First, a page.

Poverty mapping : innovative approaches to creating poverty maps with new data sources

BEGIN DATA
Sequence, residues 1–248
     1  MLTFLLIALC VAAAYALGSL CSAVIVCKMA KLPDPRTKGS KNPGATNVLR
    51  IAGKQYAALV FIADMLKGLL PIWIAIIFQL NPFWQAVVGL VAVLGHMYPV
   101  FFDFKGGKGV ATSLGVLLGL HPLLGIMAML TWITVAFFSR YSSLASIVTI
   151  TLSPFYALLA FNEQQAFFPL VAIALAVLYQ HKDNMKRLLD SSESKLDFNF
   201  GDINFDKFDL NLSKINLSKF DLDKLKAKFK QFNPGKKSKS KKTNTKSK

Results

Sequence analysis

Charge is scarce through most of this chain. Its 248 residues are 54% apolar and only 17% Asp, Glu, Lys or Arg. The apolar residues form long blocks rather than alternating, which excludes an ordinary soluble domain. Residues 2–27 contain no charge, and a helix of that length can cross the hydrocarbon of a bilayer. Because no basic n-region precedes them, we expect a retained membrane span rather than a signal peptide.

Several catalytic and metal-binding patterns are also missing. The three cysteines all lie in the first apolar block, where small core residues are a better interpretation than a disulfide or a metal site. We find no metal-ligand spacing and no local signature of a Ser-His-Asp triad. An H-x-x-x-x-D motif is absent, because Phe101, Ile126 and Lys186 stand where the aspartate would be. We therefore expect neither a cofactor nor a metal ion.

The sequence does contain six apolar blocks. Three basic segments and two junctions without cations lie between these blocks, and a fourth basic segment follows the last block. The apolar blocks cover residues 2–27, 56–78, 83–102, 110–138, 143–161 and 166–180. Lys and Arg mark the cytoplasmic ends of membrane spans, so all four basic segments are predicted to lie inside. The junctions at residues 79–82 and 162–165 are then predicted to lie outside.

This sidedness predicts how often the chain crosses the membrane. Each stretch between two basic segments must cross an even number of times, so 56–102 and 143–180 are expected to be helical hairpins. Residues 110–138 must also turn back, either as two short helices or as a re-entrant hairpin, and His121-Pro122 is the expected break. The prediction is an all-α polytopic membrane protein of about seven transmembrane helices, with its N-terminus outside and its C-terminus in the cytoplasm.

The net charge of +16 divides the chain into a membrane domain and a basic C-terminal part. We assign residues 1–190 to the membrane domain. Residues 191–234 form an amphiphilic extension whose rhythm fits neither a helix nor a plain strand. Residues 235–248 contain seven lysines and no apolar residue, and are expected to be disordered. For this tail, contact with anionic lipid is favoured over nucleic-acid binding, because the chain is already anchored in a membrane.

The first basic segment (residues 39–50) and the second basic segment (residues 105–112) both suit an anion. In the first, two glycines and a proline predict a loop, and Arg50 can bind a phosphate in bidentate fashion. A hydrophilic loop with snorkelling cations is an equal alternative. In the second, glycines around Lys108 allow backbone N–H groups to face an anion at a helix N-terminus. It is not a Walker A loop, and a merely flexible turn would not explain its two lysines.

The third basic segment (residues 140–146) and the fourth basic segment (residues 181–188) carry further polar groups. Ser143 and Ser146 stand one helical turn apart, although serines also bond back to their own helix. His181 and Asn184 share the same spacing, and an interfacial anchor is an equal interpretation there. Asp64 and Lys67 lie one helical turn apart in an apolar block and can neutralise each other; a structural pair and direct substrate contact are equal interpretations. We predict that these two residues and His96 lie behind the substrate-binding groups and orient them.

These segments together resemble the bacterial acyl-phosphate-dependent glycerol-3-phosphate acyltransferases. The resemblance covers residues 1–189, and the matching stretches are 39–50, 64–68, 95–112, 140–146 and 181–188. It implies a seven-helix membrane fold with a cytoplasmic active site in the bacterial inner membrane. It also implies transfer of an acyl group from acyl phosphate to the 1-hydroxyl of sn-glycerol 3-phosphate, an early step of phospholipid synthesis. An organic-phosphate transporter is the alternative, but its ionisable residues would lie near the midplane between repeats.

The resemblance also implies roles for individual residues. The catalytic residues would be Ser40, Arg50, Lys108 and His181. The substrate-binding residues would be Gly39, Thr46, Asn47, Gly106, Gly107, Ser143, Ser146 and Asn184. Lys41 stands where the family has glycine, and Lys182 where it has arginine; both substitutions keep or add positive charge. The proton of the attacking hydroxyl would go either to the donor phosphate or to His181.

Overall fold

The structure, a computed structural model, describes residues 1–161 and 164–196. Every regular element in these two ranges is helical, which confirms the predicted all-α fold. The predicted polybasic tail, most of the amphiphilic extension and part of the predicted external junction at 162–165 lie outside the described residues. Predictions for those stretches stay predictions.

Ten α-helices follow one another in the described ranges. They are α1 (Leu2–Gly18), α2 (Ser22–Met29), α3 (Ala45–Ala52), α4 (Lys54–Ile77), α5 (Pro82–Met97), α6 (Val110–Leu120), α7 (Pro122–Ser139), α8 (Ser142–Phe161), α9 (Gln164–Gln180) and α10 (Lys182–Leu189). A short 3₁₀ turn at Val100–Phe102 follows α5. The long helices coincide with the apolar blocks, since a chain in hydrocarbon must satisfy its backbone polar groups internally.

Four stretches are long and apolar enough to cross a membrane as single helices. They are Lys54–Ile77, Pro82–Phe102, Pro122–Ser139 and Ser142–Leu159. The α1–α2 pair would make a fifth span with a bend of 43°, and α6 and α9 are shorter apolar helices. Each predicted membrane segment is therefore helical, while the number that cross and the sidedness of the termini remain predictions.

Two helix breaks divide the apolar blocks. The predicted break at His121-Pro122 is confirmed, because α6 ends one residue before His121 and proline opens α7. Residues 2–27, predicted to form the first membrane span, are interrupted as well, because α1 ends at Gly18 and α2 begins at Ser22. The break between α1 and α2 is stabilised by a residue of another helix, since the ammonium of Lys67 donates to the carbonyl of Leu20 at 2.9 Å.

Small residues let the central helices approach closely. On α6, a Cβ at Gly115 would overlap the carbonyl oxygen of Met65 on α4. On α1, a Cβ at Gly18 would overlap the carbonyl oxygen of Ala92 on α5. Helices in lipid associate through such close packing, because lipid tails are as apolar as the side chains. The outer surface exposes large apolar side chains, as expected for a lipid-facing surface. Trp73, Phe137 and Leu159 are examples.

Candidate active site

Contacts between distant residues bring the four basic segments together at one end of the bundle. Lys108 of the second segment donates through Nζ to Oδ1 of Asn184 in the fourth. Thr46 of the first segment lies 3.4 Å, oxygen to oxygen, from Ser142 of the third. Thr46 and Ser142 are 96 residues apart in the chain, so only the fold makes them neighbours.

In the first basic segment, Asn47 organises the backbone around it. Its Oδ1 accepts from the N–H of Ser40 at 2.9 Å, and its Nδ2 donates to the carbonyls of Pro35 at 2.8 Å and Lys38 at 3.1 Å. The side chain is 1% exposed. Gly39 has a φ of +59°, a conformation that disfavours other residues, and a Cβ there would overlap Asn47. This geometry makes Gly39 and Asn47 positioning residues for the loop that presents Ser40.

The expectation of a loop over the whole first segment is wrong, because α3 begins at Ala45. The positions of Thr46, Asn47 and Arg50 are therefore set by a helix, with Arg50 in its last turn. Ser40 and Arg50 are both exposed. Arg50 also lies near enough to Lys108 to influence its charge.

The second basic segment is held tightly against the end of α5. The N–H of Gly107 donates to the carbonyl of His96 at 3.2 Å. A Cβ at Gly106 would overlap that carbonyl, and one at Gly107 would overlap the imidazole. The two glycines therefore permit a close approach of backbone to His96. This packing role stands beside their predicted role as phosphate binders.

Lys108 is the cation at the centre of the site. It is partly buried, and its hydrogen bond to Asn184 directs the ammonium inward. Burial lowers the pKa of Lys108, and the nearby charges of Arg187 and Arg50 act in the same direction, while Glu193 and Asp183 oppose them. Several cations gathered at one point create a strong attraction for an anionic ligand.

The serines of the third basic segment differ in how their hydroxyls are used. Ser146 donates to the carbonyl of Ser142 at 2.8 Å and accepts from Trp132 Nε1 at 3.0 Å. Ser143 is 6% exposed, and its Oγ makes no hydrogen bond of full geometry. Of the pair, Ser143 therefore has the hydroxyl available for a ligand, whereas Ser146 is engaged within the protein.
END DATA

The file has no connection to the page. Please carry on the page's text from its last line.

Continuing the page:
Geographically disaggregated poverty data are vital for better understanding development issues and ensuring development efforts are directed to the places where they are most needed. Poverty has traditionally been measured by data on consumption, income, or assets. However, recent advances in computing power and the emergence of new methods has made it increasingly feasible to produce reliable, cost-effective, and timely poverty maps by extracting features from novel data sources such as satellite imagery, call detail records, and internet connectivity indicators. This paper explores the methodological implications of using both traditional and novel data sources to generate poverty maps. Specifically, it examines the applications of (i) survey and census data; (ii) Global System for Mobile Communications, smartphone, and Wi-Fi indicators; (iii) call detail records; (iv) daytime and nighttime remote sensing imagery; and (v) the Survey of Well-being via Instant and Frequent Tracking for poverty mapping. Each section provides a brief overview of the data requirements, methodology, and applicability considerations of the data source under consideration. In addition, the paper discusses the usefulness and limitations of each approach in the field of evaluation, providing concrete examples of poverty maps created from each of the listed data sources.